Denett's work cut out for him at OFPP

If approved by the Senate, he'd likely start with workforce training and improving relations

Educating the acquisition workforce and improving relations with both Congress and the public will likely be Paul Denett's major challenges if he is approved by the Senate as the new Office of Federal Procurement Policy administrator.

But Denett will be up to the task, several observers say, because of his solid background in federal procurement and the time he has spent in the industry.

'He's got a lot of experience, he's very affable and seems to know the government and procurement matters well,' said Larry Allen, executive vice president of the Coalition for Government Procurement, a Washington industry association.

The White House 'is looking for someone who knows what's going on, rather than doing someone a political favor,' Allen said.

President Bush nominated Denett, currently vice president of contracting programs at ESI International of Arlington, Va., last month. He would replace David Safavian, who left the administration last September, just prior to his arrest on charges of obstructing a federal investigation and making false statements under oath.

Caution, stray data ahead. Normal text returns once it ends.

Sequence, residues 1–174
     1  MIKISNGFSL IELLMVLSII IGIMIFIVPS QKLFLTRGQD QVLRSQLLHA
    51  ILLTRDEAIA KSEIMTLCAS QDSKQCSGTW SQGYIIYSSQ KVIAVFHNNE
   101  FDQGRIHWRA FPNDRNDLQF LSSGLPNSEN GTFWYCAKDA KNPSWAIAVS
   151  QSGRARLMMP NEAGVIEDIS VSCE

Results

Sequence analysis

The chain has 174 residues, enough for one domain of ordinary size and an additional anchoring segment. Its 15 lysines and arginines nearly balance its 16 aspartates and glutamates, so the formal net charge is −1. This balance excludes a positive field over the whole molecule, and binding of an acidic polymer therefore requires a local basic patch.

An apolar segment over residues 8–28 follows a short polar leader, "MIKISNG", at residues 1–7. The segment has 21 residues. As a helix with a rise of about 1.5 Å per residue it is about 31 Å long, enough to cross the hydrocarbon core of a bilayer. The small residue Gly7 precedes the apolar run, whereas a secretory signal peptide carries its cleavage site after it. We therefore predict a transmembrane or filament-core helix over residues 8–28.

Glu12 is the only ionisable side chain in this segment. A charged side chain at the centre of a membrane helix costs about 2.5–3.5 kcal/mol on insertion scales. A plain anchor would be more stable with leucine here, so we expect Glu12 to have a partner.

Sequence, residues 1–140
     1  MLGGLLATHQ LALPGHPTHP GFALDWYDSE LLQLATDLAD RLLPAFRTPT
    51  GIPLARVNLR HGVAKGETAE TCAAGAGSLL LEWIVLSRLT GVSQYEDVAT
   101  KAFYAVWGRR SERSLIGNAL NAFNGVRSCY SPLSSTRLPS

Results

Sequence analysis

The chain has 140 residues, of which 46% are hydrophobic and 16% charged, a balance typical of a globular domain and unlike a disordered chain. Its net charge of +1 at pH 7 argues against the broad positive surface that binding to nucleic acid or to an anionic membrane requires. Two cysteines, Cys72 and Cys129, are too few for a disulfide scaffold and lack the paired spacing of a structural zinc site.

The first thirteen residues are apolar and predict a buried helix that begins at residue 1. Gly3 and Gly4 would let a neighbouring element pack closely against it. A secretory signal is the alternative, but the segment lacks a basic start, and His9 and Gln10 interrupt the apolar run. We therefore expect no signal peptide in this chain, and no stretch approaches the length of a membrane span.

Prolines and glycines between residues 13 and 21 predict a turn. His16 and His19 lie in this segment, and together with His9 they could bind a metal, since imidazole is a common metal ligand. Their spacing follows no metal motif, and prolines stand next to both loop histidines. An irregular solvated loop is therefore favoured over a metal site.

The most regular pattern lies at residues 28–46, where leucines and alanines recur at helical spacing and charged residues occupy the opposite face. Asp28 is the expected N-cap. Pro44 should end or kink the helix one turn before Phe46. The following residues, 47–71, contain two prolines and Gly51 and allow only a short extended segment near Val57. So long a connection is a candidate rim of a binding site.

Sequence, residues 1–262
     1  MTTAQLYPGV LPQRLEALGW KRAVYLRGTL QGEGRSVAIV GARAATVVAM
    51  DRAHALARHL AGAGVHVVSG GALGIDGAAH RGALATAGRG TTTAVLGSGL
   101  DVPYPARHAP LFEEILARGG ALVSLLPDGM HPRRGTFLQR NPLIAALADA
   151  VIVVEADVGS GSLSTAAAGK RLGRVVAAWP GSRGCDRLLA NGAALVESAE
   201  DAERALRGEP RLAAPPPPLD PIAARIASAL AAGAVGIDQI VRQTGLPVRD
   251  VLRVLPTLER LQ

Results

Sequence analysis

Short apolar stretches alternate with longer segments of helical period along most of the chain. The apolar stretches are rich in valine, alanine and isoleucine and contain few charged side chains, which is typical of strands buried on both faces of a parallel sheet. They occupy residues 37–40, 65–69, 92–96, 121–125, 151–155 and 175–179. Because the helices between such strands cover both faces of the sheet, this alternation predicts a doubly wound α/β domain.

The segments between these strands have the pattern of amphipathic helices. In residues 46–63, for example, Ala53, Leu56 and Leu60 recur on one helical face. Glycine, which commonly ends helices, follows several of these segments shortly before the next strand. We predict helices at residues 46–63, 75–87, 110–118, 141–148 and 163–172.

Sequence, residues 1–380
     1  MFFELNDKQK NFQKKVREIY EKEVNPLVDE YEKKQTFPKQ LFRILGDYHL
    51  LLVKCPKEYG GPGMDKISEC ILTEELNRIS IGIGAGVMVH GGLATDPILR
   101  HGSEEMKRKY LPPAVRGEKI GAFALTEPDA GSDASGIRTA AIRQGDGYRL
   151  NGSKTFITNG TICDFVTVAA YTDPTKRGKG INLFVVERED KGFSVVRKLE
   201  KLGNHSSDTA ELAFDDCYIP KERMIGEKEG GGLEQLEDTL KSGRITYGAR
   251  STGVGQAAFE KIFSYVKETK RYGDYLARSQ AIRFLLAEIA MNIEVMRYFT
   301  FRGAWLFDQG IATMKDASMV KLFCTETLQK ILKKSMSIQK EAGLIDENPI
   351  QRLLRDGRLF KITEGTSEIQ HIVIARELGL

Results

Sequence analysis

The Homeland Security and Governmental Affairs Committee, which will hold a hearing to begin the confirmation process, could not at press time specify when the hearing would be held, a committee spokeswoman said.

Possible hold on vote
And at least one lawmaker, Sen. Mary Landrieu (D-La.), is threatening to place a hold on any presidential appointment because of concerns related to rebuilding parts of Louisiana that were destroyed by Hurricane Katrina.
Before joining the private sector, Denett served as senior procurement executive at the Treasury Department, where he headed the agency's Office of Procurement.
The mix of public and private experience should make a good fit for the OFPP spot, government and industry observers said.

Among Denett's top challenges will be educating and improving the skill sets of federal procurement executives, and changing what has become a highly critical and contentious environment in Congress.

Given Safavian's arrest and his alleged ties to disgraced lobbyist Jack Abramoff, Denett is stepping into a delicate situation.

'This is a very tough procurement environment,' said Stan Soloway, president of the Professional Services Council, an industry association in Arlington, Va. 'It is a negative environment. There seems to be an assumption that everyone in the business is crooked and that there's a Wild West mentality.'

Denett also will have to spearhead efforts to better educate the government's overworked acquisition workforce, said contracting lawyer Joseph Petrillo of the Washington firm Petrillo and Powell, and a GCN columnist.

'He's got to face the problem of a procurement workforce that is being asked to do too much with too little,' Petrillo said.

GCN assistant managing editor for news Jason Miller contributed to this report.


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